It is a curious paradox for historians that our sources are only as good as our understanding of them, while at the same time our understanding is built upon those very sources. Outside of our areas of specialty and language we are at the mercy of translators and editors, and even if we are in a position to read a manuscript in a rare books library in a language we understand, it will likely be a copy of a copy of a copy, of an original, dating from hundreds of years before that document was penned. This situation is similar for artists, craftsmen and re-enactors. We therefore look for editors and translators that we trust, and hope they have published an edition of documents that are of interest to us.
One such edition for me is Theophilus’ On Diverse Arts, translated by John G. Hawthorne and Cyril Stanley Smith, and dedicated to the great metalsmith and historian Herbert Maryon O.B.E. The inexpensive Dover edition is often sold as part of a set along with De Rey Metallica, and The Treatises of Benvenuto Cellini, which is a good deal, though I find On Divers Arts to be the most useful of the three.
This volume consists of three works, one on painting, one on glass work, and the third and largest on metalworking. The first two show a keen understanding of their subject, though not personal mastery. The third, for the most part reads as a work based on hands on experience. In fact it is telling that the chapters in the painting and glass texts that have the most detail are those having to do with metals and equipment. The chapters on gold leaf for painters and on making iron molds for casting caming for stained glass are fine examples. Even so, some of what is contained is clearly medieval folklore, the chapter on “Spanish Gold” comes to mind, however the bulk of the work is a straight forward description of how to accomplish practical tasks. It seems likely that whoever Theophilus Presbyter was, and there is much debate on this matter, that he was in fact a metalsmith.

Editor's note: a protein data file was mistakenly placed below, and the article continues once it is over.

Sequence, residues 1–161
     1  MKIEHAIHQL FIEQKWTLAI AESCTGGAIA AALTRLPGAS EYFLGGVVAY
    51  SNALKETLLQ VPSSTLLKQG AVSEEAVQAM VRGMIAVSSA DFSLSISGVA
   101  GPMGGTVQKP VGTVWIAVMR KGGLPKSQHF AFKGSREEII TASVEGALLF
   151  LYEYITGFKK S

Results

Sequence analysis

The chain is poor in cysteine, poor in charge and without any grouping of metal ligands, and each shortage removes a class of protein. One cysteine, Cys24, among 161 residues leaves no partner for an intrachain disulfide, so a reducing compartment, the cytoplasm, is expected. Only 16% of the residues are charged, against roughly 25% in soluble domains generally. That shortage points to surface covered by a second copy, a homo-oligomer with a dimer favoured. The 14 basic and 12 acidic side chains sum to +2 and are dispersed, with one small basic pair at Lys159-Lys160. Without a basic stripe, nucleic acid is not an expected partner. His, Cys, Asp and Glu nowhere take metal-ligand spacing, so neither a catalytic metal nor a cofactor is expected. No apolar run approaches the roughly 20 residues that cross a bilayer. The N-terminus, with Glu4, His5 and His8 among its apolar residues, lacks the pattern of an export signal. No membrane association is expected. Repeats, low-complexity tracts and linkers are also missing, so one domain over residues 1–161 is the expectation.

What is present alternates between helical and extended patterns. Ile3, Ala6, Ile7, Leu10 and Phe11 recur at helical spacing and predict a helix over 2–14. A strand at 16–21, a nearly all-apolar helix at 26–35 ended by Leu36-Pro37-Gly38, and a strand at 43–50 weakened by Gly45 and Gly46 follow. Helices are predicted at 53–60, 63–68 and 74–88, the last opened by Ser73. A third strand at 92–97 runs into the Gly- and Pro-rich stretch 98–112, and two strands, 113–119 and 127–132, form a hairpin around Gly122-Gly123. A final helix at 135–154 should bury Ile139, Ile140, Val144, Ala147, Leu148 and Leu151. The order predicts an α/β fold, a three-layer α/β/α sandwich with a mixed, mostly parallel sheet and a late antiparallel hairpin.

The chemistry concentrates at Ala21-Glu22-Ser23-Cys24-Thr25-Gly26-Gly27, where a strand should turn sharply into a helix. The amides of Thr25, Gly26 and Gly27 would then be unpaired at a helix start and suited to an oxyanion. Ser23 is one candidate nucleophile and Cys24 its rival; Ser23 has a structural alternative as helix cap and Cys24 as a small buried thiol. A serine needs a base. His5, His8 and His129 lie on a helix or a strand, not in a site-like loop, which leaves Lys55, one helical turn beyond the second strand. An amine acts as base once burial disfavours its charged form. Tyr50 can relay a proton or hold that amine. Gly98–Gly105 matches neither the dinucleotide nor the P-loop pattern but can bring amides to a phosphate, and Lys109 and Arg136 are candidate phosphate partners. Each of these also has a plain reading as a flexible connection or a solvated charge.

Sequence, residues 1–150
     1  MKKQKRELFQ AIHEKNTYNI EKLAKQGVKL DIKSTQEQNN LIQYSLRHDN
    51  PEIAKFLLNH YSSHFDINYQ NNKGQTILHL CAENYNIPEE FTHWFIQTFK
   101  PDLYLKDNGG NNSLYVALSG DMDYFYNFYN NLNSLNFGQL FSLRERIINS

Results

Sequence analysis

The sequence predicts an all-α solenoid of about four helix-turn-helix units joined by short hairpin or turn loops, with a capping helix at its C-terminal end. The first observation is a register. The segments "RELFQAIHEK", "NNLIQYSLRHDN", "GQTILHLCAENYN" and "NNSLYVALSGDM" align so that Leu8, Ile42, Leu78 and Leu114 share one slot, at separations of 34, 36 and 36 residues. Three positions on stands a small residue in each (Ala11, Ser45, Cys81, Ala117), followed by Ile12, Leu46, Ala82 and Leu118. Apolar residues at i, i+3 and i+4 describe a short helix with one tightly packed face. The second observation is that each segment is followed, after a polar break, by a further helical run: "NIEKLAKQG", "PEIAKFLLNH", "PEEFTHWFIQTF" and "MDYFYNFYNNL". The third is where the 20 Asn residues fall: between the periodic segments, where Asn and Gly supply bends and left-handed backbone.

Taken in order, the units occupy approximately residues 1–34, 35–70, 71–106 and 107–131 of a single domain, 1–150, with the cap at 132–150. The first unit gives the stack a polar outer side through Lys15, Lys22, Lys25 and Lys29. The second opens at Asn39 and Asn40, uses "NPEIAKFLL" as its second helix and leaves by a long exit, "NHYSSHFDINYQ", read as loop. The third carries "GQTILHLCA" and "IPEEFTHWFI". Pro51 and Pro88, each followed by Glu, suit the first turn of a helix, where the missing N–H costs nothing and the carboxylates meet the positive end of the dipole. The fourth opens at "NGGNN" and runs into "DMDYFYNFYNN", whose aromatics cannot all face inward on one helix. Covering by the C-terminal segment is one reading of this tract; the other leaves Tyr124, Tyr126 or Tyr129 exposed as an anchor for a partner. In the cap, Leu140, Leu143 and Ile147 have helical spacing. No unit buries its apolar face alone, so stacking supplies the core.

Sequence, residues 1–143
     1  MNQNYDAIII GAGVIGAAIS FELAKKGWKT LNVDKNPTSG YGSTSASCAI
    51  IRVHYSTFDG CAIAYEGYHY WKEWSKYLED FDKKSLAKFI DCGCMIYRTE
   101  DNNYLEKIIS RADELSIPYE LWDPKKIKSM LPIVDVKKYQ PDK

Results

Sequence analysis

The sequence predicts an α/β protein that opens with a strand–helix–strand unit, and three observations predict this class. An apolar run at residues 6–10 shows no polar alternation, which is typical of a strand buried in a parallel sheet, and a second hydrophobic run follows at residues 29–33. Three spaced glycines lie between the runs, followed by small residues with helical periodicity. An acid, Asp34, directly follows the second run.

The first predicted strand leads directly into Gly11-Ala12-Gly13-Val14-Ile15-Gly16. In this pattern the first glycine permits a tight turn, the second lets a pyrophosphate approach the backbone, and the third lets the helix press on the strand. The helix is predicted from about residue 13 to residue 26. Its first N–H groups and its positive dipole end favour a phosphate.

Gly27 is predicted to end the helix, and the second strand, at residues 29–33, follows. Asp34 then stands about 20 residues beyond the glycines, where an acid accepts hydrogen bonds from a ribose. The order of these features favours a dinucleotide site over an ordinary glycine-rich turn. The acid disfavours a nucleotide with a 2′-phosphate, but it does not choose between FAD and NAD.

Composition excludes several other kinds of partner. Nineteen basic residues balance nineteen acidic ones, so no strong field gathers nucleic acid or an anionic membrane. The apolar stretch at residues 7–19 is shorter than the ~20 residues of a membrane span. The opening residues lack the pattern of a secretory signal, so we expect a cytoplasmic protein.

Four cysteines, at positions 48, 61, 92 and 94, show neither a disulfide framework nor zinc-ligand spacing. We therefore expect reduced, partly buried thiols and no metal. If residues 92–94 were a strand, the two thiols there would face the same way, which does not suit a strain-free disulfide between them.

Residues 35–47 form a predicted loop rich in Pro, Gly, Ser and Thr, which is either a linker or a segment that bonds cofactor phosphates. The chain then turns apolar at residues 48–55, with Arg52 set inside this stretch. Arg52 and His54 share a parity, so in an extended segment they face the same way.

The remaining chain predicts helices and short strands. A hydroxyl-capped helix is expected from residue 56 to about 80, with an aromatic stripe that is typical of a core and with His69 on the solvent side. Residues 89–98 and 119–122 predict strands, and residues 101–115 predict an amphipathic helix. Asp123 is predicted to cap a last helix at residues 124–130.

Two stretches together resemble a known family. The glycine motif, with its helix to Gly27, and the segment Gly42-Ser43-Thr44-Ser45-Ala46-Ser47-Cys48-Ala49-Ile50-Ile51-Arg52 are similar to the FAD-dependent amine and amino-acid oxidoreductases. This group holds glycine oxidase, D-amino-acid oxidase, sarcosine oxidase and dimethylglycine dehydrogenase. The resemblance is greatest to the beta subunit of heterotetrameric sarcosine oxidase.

As an example: “Chapter 14 Chisels. Also chisels are made, of such a size that they can be grasped by the entire hand and project above the hand broad and even, and below it broad, flat, thin and sharp. Many of these are made, both small and large, and with them gold, silver, or thick copper is cut.”
Of what is contained within On Divers Arts there is much that I cannot recommend recreating, the making of a skin tone pigment by burning lead carbonate, and adding sulfide of mercury for instance. However there is also a great deal of practical advice that may be directly applied to the modern studio, as well as being of use to the historian or re-enactor. Most importantly this book gives us a better understanding of the methods used by past artists. Even in our most modern artwork we are working with the accumulated experience of thousands of years, and the better we understand that experience, the deeper our understanding of our art forms, and with any luck the better our own original work.
Review of Ironwork by J. Starkie Gardner, and
Wrought Iron, Its Manufacture, Characteristics and Applications,by James Aston and Edward B. Story